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3 Weeks Exploring the Pacific side of Costa Rica

By Two Monkeys Travel - Contributor July 21st, 2022 Posted in Central America Travel Blog, Destination, DIY Travel, Travel Blog, Travel Guides One Comment

South and Central America have both been on our travelling bucket lists for a long time.

When the opportunity came up to take the time off from work both Craig and Amrita jumped at the chance to go spend some time in the beautiful country of Costa Rica to unwind from life at home in Vancouver, Canada, and have an adventure!

Check out some of the cool and cheap tours you could do in Vancouver.

La Fortuna and Arenal Park

After landing in San Jose we made our way to La Fortuna on the start of our three week trip down Pacific Costa Rica.

The Arenal Volcano plays a huge part of tourism and agriculture in the area. We also had the best and biggest avocados we’ve ever eaten, here.

Check out some of the cool and cheap tours you could do in La Fortuna.

La Fortuna and Arenal Park
La Fortuna and Arenal Park

This man was selling Mangoes from the back of his truck in the town center.


The Arenal Park has a variety of interesting wildlife. Here an Eyelash Viper has just swallowed a small Lizard. The tail of the Lizard is still hanging out of the Snake’s mouth.


The view of the Arenal Lake can be seen from this lookout with spectacular sunsets.



The guide on our river trip outside of La Fortuna knew a lot about the different birds we saw.


It was much easier to take pictures of the Lizards relaxing in the sun versus the birds that flew away from the raft while we floated down the river.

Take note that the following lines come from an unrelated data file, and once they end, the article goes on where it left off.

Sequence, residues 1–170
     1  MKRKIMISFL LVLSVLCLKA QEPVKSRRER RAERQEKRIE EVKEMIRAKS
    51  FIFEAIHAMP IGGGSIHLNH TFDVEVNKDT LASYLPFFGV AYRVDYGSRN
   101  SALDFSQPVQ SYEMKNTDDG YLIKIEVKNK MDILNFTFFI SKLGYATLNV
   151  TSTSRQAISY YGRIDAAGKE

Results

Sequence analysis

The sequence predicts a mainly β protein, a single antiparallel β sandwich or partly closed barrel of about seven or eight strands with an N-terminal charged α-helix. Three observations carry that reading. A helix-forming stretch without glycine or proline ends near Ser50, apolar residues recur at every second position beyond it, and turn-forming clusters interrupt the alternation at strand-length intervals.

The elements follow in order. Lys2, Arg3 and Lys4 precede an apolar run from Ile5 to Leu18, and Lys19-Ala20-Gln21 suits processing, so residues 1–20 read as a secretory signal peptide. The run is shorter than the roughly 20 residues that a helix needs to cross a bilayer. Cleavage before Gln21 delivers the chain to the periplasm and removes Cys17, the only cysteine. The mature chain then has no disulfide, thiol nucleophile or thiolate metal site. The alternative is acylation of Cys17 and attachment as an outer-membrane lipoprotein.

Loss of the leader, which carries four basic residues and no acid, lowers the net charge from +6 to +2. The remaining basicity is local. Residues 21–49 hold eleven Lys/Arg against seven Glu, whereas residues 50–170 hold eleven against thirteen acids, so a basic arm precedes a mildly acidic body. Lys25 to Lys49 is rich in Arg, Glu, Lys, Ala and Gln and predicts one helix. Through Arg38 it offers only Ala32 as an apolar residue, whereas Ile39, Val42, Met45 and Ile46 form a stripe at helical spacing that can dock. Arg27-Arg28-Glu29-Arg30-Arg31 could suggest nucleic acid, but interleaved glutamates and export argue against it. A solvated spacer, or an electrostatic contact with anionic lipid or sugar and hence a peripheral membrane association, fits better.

Our next stop was the sleepy surfer town of Montezuma, which was a 4 hour bus ride from La Fortuna. We spent our days playing in the sea and watching beautiful sunsets.


On Thursday nights fire performers and drummers come out in the town center and put on a show for everyone.


Quepos and Manuel Antonio National Park

After a few very relaxing days we took the 1hr water taxi from Montezuma to Jacò and continued to Manuel Antonio to meet Kach and Jon. They took us down a windy path to a secret beach to watch the sunset. Kach caught a tiny crab that Jon took a picture just before the sun set.


At the same time, another guest from the hostel had covered herself in wet sand to exfoliate in the warm sea.


It’s hard to get sick of the sunsets in Costa Rica.


We visited Manuel Antonio National Park in the early morning while it was still cool. The animals would hide from the midday heat. There were lots of Squirrel Monkeys that were as curious about us as we were them. This allowed for us to get up close.

Just as we were at the end, we were rewarded with seeing a Sloth asleep up high in the trees.


We couldn’t get enough of the beautiful sunsets. We were fortunate enough to have this view from the balcony outside our room.


The same evening a sloth came by our hostel walking/hanging from the power lines, a rare and lucky sight for all the guests.


Uvita and Marino Ballena National Park

We decided to move further south towards the Osa Peninsula. On our way we stopped in Uvita where we luckily checked in to our hostel in time to avoid being caught in a six-hour downpour.